Event Handling

When you made the Talk to Me app you used both the designer and the blocks side of App Inventor. Every time you create a design element in your app you have to tell the computer what the element will do! All of this information will be in your blocks.

This is why App Inventor is called a ‘blocks programming language’. For every element that you put into the designer side of your app, you have to tell your computer what to do with it and when it should do it. This is known as event handling.

An event is something that happens. You probably have heard the word ‘event’ in terms of a friend’s birthday party or a school play. In coding, an event is when something happens that should trigger the code to run. For example, it could be a user’s click on a button, a change in the orientation of the phone screen, or the user entering text into a text box. The way the computer handles the event is whatever you tell it to do when the event happens.

In your Talk to Me app, you told the app what to do when the user clicked a button, so you put an event handler on the button! It looked like this:


The event was the user clicking on the button and the app handled it by calling TextToSpeech to say something. This will be really important for you to keep in mind. When you are coding, you have to think about what you want your app to do and when you want it to do it.  



Can you think some examples of event handling that your phone does? Here are a few to get started:

  • When you click "send" for a text message, it sends the message and makes a sound.
  • When you try to purchase an app from an app store, the phone asks for a password.
  • When you click an icon for an app, the app opens.


When you enter the blocks screen in App Inventor, did you notice all the different categories of built-in functions? They look like this:


Functions are blocks of code that do something. They accept an input and produce an output. An input is information that goes into a function, and an output is information that is returned to you. In the Talk to Me tutorials, you used a Speech to Text function, which takes text, and turns it into speech! The input is the text and the output is the speech! As you continue to learn and program, functions and their inputs and outputs will make more sense.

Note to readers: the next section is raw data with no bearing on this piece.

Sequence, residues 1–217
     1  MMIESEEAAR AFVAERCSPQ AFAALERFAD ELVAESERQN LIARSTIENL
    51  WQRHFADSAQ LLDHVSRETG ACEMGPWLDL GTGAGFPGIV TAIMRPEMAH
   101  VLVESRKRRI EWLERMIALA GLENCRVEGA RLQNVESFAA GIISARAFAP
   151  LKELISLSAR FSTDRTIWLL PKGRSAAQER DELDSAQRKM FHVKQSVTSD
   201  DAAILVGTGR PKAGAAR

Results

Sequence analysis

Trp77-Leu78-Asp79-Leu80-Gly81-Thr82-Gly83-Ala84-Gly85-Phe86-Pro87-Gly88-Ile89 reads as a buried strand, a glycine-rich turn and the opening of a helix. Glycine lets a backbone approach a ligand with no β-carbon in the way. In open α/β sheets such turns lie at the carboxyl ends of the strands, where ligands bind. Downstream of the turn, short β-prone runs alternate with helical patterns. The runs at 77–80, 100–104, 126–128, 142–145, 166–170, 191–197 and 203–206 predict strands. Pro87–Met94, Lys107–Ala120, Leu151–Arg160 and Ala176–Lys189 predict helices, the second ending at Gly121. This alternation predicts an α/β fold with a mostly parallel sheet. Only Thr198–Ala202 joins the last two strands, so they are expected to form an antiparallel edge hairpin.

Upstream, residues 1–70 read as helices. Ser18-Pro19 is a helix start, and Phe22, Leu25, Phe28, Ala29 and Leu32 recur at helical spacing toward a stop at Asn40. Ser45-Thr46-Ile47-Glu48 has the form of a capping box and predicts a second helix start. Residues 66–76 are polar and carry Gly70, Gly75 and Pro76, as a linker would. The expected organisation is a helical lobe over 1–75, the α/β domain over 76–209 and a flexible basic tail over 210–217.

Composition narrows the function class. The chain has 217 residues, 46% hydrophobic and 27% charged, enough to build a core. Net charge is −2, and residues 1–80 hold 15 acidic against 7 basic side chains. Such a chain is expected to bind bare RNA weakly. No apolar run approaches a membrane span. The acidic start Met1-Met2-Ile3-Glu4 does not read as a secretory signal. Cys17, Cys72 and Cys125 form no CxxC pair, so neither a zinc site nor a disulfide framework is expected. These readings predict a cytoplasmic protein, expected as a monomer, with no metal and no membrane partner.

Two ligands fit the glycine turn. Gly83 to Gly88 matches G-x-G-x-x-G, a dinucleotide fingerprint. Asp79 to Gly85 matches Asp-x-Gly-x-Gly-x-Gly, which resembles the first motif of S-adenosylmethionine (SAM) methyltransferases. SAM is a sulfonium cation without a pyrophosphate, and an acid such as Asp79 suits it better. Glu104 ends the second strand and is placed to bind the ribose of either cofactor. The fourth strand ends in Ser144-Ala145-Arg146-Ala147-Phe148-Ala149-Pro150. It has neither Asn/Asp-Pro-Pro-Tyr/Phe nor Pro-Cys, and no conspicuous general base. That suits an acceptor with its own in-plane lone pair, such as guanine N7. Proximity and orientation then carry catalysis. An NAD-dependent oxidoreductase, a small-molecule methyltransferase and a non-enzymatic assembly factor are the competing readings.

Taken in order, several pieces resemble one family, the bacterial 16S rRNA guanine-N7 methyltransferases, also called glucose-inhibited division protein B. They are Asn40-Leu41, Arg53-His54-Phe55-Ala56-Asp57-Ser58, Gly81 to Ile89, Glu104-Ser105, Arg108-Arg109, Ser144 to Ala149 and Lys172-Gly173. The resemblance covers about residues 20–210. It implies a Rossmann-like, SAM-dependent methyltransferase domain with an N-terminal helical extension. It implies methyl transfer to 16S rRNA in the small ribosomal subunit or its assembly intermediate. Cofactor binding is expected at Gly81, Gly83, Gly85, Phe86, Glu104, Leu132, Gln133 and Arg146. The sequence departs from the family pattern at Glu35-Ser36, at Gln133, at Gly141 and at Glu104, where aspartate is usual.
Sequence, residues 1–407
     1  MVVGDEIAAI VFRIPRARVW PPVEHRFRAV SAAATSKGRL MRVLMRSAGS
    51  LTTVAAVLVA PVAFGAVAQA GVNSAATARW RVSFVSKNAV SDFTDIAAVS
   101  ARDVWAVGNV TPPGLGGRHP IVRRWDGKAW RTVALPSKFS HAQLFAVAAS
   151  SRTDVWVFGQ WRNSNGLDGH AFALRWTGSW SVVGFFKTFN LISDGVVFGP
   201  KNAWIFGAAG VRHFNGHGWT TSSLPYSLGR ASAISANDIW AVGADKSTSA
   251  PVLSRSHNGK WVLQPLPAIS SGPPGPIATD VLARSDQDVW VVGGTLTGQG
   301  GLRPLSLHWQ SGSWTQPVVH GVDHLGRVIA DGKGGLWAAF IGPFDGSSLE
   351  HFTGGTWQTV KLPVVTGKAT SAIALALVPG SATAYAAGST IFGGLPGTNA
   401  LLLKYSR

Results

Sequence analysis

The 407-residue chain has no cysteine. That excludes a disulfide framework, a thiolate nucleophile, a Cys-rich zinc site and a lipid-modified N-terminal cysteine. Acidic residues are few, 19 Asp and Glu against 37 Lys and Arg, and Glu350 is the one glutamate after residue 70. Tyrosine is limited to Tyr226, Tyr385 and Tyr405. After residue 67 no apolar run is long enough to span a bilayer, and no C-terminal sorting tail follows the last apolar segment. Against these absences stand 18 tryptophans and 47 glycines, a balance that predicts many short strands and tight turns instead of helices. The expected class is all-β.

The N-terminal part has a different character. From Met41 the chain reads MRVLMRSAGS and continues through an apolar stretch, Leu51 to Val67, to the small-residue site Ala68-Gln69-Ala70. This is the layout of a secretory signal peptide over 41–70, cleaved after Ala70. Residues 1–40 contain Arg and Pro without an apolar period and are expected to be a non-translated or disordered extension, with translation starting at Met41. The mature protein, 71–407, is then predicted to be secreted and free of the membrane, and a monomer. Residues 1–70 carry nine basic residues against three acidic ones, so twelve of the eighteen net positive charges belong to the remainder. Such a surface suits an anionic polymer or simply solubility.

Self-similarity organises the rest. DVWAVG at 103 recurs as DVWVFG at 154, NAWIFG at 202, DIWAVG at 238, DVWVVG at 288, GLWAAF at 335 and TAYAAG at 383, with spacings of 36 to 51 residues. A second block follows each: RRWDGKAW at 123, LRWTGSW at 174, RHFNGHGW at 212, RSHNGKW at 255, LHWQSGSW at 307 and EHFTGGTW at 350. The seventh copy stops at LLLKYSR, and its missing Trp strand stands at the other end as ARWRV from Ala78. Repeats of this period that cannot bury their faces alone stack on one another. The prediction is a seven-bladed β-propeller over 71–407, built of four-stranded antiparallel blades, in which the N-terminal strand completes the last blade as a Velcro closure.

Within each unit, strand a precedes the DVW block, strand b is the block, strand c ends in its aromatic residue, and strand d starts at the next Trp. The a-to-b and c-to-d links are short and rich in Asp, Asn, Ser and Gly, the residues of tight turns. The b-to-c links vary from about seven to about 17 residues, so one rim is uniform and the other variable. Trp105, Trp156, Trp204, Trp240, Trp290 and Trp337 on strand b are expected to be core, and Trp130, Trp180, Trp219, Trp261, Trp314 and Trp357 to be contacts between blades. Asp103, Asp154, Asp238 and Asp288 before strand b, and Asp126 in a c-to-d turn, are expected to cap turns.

The build-in functions in App Inventor are the basis of what you will be using to write your app. All programming languages have built-in functions, and good programmers know how to combine these functions in order to get the computer to do what they want. Once you know how to use each of these functions, you can combine them in all different ways to make your app! You will learn how to use these functions in Code 2: Data and Variables and Code 3: Logic, Loops and Conditionals.


Before moving on, let’s program some more! Can you take your Talk to Me app to the next level? Here are some ideas for you to try out!

  1. Change the pitch of the voice in your speech to text component. Click on the speech to text in the blocks side and look for the pitch property. You can give your voice a pitch of 0, 1 or 2.
  2. Use the Speech Recognizer sensor to have make your phone repeat back or print out something you say to it!

At the end of each coding unit, you will complete a coding challenge that you should submit to your mentor for feedback. These tutorials will help you learn key coding concepts and will help you build your final app.

Code 1 Challenge: Make a Slide Show

Challenge: Make an app that allows the user to click through a slideshow of your favorite pictures!

For this app you want to create a slideshow by allowing your user to navigate through images. When you design your screen, you will need to put an image as well as ‘previous’ and ‘next’ buttons for your user to click. This part will be done in the designer screen.

Try to figure out how to complete the code challenge on your own before looking at the instructions. The instructions show just one way of how this challenge can be solved.  You can also download our example app in the Google Play Store. Happy coding!


In this lesson, we covered a lot! You learned a lot of keywords to get you started and wrote your very first program! Here are some reflection questions for you to discuss with your mentor or team:

Q1: What was the hardest part of getting started with App Inventor? Did you get “stuck” at any particular spot?

Q2: What are some things from this lesson that you think will be useful in creating your app?

Here are the keywords you learned:

  • Algorithms - Step by step instructions for a computer to follow
  • Programming language - A way to talk to your computer and tell it to do things
  • Event - When the user does something in your app, like click a button, or enter text
  • Event handler - The block of code that tells your app what to do when an event happens
  • Functions - Blocks of code that do something. They take an input, and change it into something else, which is the output.
  • Input - Information that goes into a function
  • Output- Information that comes out of a function